Throughout a period of more than 200 years the Georgian townhouses of Dublin have proved to be remarkably resilient. Many have undergone significant changes of use, first to tenements and later as commercial offices, often resulting in considerable damage and loss of historic fabric. Such was the case with this house, one of the oldest in Merrion Square, Dublin’s finest and best preserved garden square. Built in the 1760s, this is a large three bay, four-storey over basement townhouse. Our brief was to create an elegant and comfortable family home for a pianist and her film maker husband, who wanted a house suited to entertaining that would be welcoming for all their guests from young grandchildren to elderly friends.
The project became a story of creating connections – connections with Merrion Square gardens, connections between inside and outside spaces, between the many different levels in the house and its return, between adjoining rooms. And in the constant dialogue between our new contemporary interventions and the conserved fabric of the eighteenth-century house, connections are created between past and present.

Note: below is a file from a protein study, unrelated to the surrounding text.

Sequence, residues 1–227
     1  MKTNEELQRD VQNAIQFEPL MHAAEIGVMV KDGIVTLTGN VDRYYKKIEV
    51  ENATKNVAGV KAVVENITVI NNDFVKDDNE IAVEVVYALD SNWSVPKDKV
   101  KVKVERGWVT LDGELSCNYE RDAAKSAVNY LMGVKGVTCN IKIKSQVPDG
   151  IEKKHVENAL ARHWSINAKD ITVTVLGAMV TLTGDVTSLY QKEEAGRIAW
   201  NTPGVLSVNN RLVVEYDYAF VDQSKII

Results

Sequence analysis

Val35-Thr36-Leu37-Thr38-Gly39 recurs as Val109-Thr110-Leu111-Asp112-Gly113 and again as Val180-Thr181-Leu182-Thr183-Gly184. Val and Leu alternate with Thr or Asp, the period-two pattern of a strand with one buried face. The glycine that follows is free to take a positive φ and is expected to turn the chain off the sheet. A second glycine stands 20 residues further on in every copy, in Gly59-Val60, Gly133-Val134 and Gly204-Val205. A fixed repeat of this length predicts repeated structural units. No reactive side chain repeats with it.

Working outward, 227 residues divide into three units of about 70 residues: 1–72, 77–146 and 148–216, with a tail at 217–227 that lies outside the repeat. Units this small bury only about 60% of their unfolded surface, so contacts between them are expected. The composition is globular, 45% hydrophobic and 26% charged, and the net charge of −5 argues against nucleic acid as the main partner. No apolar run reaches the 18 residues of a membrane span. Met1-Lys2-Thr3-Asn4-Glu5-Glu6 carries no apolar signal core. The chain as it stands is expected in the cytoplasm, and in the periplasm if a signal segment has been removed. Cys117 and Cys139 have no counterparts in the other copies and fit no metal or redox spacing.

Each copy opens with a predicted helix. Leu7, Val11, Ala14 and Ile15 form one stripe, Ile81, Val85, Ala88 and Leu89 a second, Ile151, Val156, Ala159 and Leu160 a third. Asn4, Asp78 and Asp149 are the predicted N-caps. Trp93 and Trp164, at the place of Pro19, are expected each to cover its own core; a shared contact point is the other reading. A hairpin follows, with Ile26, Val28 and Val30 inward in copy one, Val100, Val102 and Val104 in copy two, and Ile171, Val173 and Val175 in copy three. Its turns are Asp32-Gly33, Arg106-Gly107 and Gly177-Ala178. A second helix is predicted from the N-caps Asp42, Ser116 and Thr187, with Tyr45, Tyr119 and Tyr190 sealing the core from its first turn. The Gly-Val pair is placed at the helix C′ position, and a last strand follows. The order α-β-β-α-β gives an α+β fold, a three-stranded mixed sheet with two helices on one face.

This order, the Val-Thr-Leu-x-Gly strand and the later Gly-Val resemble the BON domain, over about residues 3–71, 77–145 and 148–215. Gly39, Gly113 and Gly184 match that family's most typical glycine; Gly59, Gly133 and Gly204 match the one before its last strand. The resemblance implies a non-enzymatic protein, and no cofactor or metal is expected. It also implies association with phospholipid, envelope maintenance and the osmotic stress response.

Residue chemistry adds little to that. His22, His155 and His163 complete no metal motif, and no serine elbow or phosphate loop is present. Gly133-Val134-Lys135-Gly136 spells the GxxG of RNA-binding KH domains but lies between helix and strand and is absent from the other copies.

Our approach was firstly to understand the historic and current contexts by carrying out fabric studies and opening up works to inform design proposals for conservation and interventions. The front façade was partially rebuilt and repointed to match the surviving wigged joints, eroded stonework was replaced, decorative iron railings and balconies were restored while historic windows were repaired. Contemporary interventions included a lightweight glazed winter garden to improve connectivity between the main house and return, as well as to reintroduce natural lighting into the original historic staircase; a new passenger lift connecting the three floor levels in the return; as well as a new landscaped courtyard and a raised contemporary garden at the first floor level of the return. Interior work included the creation of a new oak-panelled study in the basement connecting to the contemplative courtyard; a new Bulthaup kitchen on the ground floor with interconnecting doors to the formal dining room; repair of decorative plasterwork and the installation of antique Georgian chimney pieces to reinstate the original elegance and function of the finest rooms.
In the constant dialogue between our new contemporary interventions and the conserved fabric of the eighteenth-century house, connections are created between past and present